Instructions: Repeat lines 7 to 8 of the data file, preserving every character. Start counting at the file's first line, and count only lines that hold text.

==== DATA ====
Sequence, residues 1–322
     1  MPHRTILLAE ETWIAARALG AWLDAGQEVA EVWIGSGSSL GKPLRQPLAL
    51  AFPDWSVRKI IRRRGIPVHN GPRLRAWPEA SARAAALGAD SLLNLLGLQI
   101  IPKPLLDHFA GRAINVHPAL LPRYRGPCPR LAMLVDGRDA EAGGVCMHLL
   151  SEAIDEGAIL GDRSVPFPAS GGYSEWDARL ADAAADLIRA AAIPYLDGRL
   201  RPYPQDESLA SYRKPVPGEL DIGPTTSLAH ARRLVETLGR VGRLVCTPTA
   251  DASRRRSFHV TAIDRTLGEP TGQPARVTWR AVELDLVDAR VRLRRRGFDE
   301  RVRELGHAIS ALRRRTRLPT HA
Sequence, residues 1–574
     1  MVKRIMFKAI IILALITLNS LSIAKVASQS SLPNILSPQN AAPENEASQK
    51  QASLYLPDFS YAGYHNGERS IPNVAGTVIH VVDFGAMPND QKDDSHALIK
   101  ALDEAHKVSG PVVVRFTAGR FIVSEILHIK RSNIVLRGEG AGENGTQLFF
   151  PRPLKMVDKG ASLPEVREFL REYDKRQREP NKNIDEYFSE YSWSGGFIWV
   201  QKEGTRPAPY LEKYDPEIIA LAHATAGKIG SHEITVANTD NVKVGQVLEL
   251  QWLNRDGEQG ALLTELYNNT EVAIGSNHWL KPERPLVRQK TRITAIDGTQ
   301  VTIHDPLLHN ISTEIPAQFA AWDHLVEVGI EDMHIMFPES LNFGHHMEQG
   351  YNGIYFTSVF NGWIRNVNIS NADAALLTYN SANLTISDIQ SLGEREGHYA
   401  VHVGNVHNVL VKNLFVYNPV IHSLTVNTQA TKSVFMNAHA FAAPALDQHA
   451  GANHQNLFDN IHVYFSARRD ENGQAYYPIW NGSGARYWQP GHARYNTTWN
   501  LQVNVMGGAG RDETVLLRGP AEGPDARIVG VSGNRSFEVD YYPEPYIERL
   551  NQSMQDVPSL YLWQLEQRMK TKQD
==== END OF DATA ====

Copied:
   251  DASRRRSFHV TAIDRTLGEP TGQPARVTWR AVELDLVDAR VRLRRRGFDE
   301  RVRELGHAIS ALRRRTRLPT HA